IT COULD have cost up to £25m and would have been visible from 35,000 feet.
But Scottish architect Kathryn Findlay’s starfish design for a 21st century stately home, set in open countryside near Stretton, was replaced by a more traditional design.
The property put forward by the award-winning practice of Robert Adam Architects, for Stretton Hall Lane, Stretton, will be a family home for applicant Martyn Weaver.
Agents for Mr Weaver say there was a ‘very positive’ reaction at a public meeting in Tilston Memorial Hall attended by 30 residents and parish councillors in January.
They argue the house, which will largely be built of stone with brick and slate, will offer benefits compared with the four-fingered sandstone starfish in terms of protecting and enhancing the landscape and ecology and through the use of renewable energy.
Chester’s planning board heard the starfish design would have made a significant contribution to the evolution of the development of the large country house.
But a buyer could not be persuaded to part with the estimated £20m-plus asking price.
The project appeared to have been resurrected when Mel Hood, the developer, said he planned to build and live in a smaller version of the starfish, but that scheme came to nought.
Features in its traditional replacement include galleries, a drawing room, sitting room and library, bedrooms including a master bedroom with a lobby, dressing rooms and a covered balcony, a courtyard, cinema, gym, pool and jacuzzi.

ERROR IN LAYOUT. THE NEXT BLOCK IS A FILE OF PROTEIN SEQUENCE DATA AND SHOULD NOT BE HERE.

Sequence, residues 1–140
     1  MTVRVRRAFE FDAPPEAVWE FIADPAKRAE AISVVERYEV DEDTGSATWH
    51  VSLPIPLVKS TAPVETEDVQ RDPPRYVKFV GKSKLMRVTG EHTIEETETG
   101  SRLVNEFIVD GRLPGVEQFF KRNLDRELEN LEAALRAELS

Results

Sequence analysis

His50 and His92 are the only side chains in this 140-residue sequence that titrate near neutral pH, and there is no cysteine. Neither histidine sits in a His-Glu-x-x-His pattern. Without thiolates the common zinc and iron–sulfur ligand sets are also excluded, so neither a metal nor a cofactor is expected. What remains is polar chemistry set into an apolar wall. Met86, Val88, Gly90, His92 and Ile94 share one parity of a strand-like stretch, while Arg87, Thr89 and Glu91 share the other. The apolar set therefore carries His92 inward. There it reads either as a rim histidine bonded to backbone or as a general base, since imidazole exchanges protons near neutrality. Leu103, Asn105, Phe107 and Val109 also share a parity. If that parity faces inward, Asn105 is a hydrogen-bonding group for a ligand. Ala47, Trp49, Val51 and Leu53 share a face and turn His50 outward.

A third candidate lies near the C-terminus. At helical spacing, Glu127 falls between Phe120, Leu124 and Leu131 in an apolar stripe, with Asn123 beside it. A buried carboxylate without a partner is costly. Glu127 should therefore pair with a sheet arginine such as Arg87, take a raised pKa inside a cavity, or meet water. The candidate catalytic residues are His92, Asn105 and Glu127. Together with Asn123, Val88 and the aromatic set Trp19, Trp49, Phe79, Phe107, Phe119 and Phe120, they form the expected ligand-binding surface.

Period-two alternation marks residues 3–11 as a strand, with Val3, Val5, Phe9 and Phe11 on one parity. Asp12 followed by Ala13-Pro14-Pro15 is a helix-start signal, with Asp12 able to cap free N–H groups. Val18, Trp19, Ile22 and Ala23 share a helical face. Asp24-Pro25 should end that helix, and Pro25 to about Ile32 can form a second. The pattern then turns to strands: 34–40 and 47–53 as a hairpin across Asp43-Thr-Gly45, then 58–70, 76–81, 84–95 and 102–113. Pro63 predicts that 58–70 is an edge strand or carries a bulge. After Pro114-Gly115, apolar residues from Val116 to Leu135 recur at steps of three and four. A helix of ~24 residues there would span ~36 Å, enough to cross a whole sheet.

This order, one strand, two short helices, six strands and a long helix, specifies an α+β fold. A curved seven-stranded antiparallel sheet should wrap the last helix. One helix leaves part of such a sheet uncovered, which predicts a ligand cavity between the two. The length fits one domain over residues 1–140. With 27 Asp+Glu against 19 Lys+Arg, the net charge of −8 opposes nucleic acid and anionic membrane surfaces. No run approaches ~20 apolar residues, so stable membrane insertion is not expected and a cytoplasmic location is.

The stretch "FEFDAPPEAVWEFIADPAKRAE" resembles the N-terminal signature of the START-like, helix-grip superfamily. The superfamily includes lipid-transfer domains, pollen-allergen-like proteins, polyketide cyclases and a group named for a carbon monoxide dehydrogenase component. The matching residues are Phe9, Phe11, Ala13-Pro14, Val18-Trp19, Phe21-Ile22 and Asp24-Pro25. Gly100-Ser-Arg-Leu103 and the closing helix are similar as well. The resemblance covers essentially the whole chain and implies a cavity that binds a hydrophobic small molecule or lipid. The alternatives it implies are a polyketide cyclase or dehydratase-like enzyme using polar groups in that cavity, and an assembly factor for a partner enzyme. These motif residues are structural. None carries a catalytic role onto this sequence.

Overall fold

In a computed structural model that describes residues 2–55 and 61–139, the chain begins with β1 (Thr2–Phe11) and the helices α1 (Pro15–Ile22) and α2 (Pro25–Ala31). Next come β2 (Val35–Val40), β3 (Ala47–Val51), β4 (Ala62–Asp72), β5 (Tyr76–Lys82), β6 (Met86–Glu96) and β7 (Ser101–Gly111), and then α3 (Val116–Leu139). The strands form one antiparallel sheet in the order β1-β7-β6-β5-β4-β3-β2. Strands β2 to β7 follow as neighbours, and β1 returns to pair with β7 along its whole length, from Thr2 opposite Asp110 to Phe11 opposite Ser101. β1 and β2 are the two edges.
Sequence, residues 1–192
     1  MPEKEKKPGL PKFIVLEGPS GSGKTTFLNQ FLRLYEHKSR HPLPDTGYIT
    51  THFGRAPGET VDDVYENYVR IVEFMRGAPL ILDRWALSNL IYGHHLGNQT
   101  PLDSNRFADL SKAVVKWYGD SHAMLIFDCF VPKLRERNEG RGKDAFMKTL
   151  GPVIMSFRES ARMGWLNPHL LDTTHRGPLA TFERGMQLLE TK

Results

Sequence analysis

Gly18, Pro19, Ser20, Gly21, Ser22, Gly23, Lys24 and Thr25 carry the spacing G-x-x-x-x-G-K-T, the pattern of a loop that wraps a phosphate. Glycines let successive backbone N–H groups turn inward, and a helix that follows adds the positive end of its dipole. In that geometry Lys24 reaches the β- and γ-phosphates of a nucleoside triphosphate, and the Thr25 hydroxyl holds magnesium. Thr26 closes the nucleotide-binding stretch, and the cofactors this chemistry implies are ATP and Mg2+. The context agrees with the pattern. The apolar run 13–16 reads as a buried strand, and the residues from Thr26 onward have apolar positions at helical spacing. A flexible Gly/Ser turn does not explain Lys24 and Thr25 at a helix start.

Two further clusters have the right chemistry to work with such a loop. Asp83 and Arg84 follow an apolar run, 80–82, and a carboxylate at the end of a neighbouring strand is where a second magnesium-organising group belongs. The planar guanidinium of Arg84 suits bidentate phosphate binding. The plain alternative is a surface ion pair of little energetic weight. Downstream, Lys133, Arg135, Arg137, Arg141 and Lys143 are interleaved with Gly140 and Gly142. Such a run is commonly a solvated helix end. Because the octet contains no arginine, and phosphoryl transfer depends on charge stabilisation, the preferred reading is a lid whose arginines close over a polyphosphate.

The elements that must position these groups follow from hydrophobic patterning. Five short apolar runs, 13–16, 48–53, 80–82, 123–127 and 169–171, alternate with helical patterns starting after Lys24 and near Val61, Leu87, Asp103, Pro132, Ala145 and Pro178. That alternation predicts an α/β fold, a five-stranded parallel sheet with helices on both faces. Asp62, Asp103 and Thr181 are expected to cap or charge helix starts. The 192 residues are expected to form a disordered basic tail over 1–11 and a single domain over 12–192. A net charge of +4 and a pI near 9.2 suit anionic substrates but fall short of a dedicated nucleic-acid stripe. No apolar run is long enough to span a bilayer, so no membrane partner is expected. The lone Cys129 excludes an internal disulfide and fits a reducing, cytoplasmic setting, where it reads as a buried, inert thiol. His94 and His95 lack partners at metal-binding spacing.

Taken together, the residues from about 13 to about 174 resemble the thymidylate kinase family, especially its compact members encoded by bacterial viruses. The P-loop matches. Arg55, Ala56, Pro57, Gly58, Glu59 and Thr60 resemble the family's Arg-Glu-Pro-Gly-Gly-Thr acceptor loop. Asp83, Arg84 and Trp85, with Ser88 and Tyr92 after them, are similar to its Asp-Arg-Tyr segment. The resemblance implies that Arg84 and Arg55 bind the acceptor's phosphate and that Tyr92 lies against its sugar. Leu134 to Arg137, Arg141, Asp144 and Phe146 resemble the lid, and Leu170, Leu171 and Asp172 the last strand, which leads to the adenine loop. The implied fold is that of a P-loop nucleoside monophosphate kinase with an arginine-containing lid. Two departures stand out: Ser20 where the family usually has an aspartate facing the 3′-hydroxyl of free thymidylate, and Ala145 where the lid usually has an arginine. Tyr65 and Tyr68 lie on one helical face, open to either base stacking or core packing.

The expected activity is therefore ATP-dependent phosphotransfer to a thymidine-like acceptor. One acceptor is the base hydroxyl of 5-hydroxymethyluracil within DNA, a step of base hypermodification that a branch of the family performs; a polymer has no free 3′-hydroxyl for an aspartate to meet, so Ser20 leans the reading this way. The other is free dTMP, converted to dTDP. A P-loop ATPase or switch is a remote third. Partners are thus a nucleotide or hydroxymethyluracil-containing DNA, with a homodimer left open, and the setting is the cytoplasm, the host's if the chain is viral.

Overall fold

Plans also include a wine cellar, stables, staff quarters and garages.
Mr Weaver’s agents say their approach will be ‘carbon zero’ and includes separate plans to follow for three wind turbines on 20m columns.
The architects say the house has been integrated into its woodland setting and will provide enhanced habitats for wildlife. Access to the property will recreate a local historic route.
People will have a few views from a distance which, it is said, will encourage interest and curiosity.
The surrounding farmland is to be farmed on organic principles and the most sensitive archaeological remains in the vicinity will remain intact.
Crispin Harris at the Wilmslow office of estate agents Jackson-Stops & Staff has been advising on the project.
Parish councillors support the development which they describe as “well-proportioned”, but object to the three wind turbines, arguing they will have a detrimental impact on the rural area and views from Castletown.
The board agreed the application although city centre Cllr Gwyn Cooper (Lab, City & St Anne’s) commented: “I am sorry the starfish will not happen.”